Deal puts focus on placing New Jersey’s disables kids in local classrooms
Thousands of special-needs students across New Jersey could get the support they need to attend mainstream classes or return from out-of-district programs to their local schools after a settlement was reached in a seven-year court fight over whether disabled children were unfairly segregated.
The federal suit, filed by an array of advocacy groups, contends that the state violated the rights of disabled children to attend school — to the greatest extent possible — with children who do not have disabilities and in their neighborhood schools. The suit said that because of the state’s failures, countless disabled children were unnecessarily separated from their peers.
About 15 percent of New Jersey’s 1.4 million public school students have special needs, and about 8 percent of the disabled go to out-of-district sites.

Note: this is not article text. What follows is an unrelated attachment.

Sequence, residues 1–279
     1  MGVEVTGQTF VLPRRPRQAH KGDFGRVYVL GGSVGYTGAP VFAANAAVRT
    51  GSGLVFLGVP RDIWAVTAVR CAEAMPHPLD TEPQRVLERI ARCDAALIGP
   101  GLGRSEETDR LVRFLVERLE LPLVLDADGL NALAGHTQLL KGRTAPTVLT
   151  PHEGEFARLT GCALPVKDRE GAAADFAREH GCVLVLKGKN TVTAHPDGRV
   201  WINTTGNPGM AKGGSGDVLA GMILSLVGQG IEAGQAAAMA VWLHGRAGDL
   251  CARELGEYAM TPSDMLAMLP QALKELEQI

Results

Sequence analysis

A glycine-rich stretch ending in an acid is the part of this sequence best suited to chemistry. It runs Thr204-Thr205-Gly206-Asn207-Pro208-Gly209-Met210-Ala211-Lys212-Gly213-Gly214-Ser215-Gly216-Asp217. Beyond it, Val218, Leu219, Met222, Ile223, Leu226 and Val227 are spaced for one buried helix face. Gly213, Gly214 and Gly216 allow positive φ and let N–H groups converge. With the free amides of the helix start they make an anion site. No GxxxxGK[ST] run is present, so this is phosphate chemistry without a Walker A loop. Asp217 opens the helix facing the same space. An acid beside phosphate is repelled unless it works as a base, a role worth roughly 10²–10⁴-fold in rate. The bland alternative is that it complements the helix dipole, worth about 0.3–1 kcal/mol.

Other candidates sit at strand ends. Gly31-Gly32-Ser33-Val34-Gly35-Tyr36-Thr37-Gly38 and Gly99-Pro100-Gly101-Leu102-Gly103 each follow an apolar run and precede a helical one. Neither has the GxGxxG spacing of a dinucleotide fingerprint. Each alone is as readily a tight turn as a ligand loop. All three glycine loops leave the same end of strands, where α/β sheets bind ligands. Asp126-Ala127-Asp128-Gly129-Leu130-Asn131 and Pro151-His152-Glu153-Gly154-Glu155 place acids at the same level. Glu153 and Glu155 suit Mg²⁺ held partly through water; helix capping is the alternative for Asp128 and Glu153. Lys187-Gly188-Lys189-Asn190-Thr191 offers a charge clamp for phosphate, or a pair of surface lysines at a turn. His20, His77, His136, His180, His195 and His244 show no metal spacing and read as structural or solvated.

The settlement, approved by the state Board of Education on Wednesday, requires that for three years, the state must scrutinize the placement of special-needs children in more than 55 districts that put a disproportionate share of students in restrictive settings. That includes Westwood,Hackensack, Garfield, Passaic, Elmwood Park and Englewood.
If the state finds districts are not doing their utmost to include students in regular classes, school staff must undergo extra training in tailoring lessons to the children and giving them aides and other individualized services.
Ruth Lowenkron, an attorney at the Education Law Center, which was one of the plaintiffs, said the settlement could help many special-needs students in a state that has historically put more of them in separate programs than is typical nationwide. (Brody/The Record)